Who said English wasn’t confusing?

Posted: March 13, 2013 by kkline922 in Kody's Words, Uncategorized
Tags: , , , , , , ,

Which direction did that witch go to get my sandwich? I should have told her, order two, and don’t let the chef put too much mustard like last time–a dash of thyme is welcome. And I hope she didn’t wear that stupid hat where she’s going; I wouldn’t if I were her. I wanted to go there myself, but their cashier annoys me, and they’re never gonna find a nicer one. Oh, well.

English is weird! I’ve been using it for some time, well, English and Bad English, and even today, I find it odd. Sometimes, it’s like trying to tell a person born blind what blue looks like. To me, communication is the most important thing in a relationship. And here is the rub: just because two people speak the same language, it doesn’t mean they understand each other.

Language is a living organism, always changing, and it is effected by time, religion, creed, sex, age, location, social status, and so much more. A word I use today may have a completely different meaning five years from now and another in ten. English doesn’t make things easy with the amount of rules and what not. It is a miracle we’ve gotten so far.

So, how does one communicate. Clarity and patience. It is not enough to use words, but we must place ourselves in the shoes of another. How do they perceive you and what you say? This may be achieved through clarity and patience. When using words that may have several meanings, be sure your syntax reveals the intention of the word, and if a person displays confusion, don’t cast blame or call them ignorant. Patiently inquire what they don’t understand, or, rephrase your words using alternate choices in vocabulary. It’s not like English doesn’t have enough synonyms.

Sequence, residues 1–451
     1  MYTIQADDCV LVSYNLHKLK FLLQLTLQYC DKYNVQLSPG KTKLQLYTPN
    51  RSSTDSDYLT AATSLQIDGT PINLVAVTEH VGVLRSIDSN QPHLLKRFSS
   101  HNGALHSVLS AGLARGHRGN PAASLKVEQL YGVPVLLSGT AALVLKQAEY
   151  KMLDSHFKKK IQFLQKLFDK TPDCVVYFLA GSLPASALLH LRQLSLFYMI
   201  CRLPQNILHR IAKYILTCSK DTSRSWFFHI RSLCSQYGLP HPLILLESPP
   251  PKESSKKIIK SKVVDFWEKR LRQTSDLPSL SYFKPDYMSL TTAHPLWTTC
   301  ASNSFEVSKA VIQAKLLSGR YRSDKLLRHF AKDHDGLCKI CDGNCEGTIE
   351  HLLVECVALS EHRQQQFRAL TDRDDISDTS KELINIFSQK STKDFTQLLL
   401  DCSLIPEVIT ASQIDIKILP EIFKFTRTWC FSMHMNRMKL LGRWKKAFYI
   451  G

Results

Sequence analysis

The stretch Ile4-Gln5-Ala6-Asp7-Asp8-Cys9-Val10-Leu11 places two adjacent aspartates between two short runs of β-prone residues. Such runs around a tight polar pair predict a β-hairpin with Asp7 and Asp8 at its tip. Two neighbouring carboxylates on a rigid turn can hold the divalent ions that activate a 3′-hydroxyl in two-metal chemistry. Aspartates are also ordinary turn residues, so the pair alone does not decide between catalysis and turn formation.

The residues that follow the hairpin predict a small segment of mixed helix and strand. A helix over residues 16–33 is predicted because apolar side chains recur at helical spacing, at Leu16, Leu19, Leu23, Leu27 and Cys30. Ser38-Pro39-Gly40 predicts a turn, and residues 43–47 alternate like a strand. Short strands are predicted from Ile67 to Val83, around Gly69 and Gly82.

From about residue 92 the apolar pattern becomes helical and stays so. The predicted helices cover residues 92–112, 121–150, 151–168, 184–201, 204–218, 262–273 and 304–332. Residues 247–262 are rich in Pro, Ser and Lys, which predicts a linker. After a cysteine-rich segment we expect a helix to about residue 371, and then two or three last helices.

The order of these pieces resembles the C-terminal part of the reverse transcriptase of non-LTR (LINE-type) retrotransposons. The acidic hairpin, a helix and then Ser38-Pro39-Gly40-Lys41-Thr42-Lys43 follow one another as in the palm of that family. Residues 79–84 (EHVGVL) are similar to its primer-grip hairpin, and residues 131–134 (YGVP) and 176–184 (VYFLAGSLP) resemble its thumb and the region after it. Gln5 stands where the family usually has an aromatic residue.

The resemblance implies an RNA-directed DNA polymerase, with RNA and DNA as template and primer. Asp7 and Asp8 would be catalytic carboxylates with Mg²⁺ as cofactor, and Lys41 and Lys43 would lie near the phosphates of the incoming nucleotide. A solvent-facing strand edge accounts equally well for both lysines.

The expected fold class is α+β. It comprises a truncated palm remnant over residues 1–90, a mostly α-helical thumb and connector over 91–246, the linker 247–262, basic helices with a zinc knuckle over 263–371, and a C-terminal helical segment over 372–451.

Anyways, how does this apply to writing and literature? Well, that should be evident. Pick up some Shakespeare and see how the language was 400 years ago. It’s readable, but requires some knowledge. Imagine how your literature will look to humans another 400 years from now. They might need a dictionary too.

When writing your story, clarity is one of the most important things you can strive for. I am an advocate for writing the first draft as fast as possible and with little thought. This allows for the creative instinct to shine. But writing is like a sculpture. A block of clay is placed before you, big chunks removed, and little by little, it is slowly refined to bring forth amazing art. So, be patient with your own work as well. Give it time. Craft it, mold it, and ensure that it will stand the test of time.

Anywho, I’ve rambled for long enough…

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Comments
  1. I like the metaphor of writing as sculpting! I usually picture weaving a tapestry myself, especially for a first draft. Second drafts, as we refine the details and make the story increasingly clear…yeah, I can definitely see that as sculpting!

  2. Matthew Ridenour says:

    One can never know too much about language – the biggest challenge is to make sure we don’t confuse ourselves in the process. Here’s to stooking!

  3. sryeager says:

    Any your writing, Kody, keeps getting better and better. I’ve been so impressed by the last two stories you sent my way. Thanks.

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